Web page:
One emerging alternative to the use of full-time lecturers at research-heavy institutions is to create a parallel professorship track that's focused on teaching, which may or may not offer tenure, with a title series such as teaching professor. This would be analogous to how some universities have research-only faculty tracks with title series' such as "Research Professor/Scientist/Scholar."

It should also be noted, however, that the title is sometimes, paradoxically, used in just the opposite sense: in some institutions, a lecturer especially "Distinguished Lecturer" may also refer to a position similar to emeritus professor. Also, in some schools it's a temporary post for visiting academics of considerable prominence—e.g. a famous writer may serve for a term or a year, for instance. When confusion arose about Barack Obama
Barack Obama
Barack Hussein Obama II is the 44th and current President of the United States. He is the first African American to hold the office. Obama previously served as a United States Senator from Illinois, from January 2005 until he resigned following his victory in the 2008 presidential election.Born in...

's status on the law faculty at the University of Chicago
University of Chicago
The University of Chicago is a private research university in Chicago, Illinois, USA. It was founded by the American Baptist Education Society with a donation from oil magnate and philanthropist John D. Rockefeller and incorporated in 1890...

, the institution stated that although his title was "Senior Lecturer," that school actually uses that title for notable people such as federal judges and politicians who are deemed of high prestige but simply lack sufficient time to commit to a traditional tenure-track position.

Australia


In Australia, the term lecturer may be used informally to refer to anyone who conducts lectures at a university, but formally refers to a specific academic rank. The academic ranks in Australia are similar to those in the UK but there is one additional rank. The academic levels in Australia are Associate Lecturer (academic level: A), Lecturer (B), Senior Lecturer (C), Associate Professor (D), and Professor (E).

Unlike in the US, even relatively senior academic staff are referred to as lecturers. Generally, Australian senior lecturers (level C) are considered equivalent to associate professors in North America, because it usually entails tenure. A very small number of Australian universities have most recently begun to bring academic titles - and perceived status - more into line with the United States. Consequently, they have replaced the Australian term associate lecturer with lecturer, lecturer with assistant professor, and senior lecturer with associate professor.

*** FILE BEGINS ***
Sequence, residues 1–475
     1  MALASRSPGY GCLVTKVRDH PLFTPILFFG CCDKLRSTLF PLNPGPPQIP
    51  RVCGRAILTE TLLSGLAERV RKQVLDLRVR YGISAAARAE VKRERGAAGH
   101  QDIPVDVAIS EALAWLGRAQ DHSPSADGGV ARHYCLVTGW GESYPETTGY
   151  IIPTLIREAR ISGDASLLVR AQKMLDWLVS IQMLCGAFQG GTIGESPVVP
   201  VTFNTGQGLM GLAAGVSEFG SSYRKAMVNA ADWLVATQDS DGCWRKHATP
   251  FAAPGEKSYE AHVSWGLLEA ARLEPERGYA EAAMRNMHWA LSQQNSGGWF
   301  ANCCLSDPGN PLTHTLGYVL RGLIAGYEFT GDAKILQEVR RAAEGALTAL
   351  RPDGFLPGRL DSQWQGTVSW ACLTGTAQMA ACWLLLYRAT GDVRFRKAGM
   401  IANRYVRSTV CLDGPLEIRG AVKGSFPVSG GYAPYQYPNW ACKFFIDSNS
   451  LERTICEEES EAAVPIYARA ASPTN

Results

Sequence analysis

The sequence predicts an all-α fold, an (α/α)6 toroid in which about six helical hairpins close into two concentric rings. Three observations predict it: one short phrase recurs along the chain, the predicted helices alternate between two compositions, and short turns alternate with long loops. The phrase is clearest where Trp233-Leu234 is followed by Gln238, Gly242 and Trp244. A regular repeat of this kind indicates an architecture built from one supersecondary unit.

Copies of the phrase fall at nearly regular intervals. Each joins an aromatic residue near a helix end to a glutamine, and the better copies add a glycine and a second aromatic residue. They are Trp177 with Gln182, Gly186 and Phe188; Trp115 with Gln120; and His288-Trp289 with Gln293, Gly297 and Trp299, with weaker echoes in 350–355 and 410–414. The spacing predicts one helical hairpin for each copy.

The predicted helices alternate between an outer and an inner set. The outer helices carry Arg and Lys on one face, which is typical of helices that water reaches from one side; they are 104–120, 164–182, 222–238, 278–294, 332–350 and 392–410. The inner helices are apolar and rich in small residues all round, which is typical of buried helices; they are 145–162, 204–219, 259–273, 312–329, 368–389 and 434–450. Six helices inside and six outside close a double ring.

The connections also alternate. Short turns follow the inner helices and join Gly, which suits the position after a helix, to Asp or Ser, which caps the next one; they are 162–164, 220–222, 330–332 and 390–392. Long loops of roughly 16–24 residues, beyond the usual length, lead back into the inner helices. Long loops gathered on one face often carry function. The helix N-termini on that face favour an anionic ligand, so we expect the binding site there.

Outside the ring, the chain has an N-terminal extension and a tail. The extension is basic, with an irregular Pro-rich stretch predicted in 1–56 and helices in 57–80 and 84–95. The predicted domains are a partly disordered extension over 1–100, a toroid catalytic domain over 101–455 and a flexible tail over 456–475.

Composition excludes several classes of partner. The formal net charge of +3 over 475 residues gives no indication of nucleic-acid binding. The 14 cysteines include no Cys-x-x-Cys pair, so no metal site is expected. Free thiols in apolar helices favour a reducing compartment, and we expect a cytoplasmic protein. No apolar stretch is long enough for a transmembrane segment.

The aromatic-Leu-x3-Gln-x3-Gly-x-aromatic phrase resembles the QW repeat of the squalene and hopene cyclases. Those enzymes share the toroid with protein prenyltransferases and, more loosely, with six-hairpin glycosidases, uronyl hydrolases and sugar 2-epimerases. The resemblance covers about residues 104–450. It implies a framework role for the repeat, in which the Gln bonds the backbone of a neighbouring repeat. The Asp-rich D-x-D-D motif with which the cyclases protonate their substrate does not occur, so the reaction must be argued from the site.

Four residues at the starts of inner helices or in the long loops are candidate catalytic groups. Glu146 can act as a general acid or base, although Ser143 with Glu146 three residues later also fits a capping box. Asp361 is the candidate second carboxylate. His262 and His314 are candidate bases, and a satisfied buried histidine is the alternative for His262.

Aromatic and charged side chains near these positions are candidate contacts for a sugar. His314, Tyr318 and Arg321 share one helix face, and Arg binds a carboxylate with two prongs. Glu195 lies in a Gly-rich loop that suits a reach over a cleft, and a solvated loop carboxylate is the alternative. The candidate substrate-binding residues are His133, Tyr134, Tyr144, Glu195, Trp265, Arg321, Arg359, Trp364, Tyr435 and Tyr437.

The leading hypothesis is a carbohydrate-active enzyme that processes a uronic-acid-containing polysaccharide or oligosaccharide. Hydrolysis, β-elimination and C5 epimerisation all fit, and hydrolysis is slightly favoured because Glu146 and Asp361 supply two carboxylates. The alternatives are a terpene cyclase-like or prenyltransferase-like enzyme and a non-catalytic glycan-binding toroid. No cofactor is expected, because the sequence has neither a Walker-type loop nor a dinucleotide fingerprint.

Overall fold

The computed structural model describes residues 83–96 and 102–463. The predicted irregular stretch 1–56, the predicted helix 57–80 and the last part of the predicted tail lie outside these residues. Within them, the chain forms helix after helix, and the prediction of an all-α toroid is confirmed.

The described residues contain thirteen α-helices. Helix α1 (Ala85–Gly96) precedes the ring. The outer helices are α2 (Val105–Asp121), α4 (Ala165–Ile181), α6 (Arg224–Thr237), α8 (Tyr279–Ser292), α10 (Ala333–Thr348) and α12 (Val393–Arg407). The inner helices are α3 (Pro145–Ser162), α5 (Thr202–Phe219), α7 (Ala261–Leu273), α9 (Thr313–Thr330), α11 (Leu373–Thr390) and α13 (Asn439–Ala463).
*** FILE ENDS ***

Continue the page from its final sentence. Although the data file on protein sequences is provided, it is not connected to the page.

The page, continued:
Other countries


In other countries, usage may vary unpredictably. For example, in Poland
Poland
Poland , officially the Republic of Poland , is a country in Central Europe bordered by Germany to the west; the Czech Republic and Slovakia to the south; Ukraine, Belarus and Lithuania to the east; and the Baltic Sea and Kaliningrad Oblast, a Russian exclave, to the north...

 lektor is a term used for a teaching-only position, generally for teaching foreign languages.

In France the title maître de conférences ("Lecture Master") is the first academical rank.

In German speaking countries, the term Lektor historically denoted a teaching position below a professor, primarily responsible for delivering and organising lectures. The contemporary equivalent is called Dozent or Hochschuldozent. Nowadays, the German term Lektor only exists at philology or modern language departments at German-speaking Universities, for positions that primarily involve teaching a foreign language.

In Norway, a Lektor is an academic rank, usually reached after three or five years of education, which enables a teacher to lecture at Ungdomsskole (Secondary school) or Videregående skole (high school) level.

In South Korea, the term "Gangsa" is the literal translation of "Part-time lecturer". A Gangsa is usually part-time, paid by the number of hours of teaching. No research or administrative obligation is attached. In most disciplines, Gangsa is regarded as a first step in one's academic career. In Korea, the tenure position started from "Full-time Lecturer." The tenure position in South Korea is composed of "Full-time Lecture(JunImGangSa)", "Assisstant Professor(JoKyoSu)", "Associate Professor(BuKyosu)", and "Professor(KyoSu)". Therefore, "Full-Time Lecturer" is the same position as "Assistant Professor" in other countries including U.S.A.

In Sweden, a Lektor is an academic rank similar to senior lecturer in Great Britain, or Associate Professor in USA. The Lektor holds the position below Professor in rank.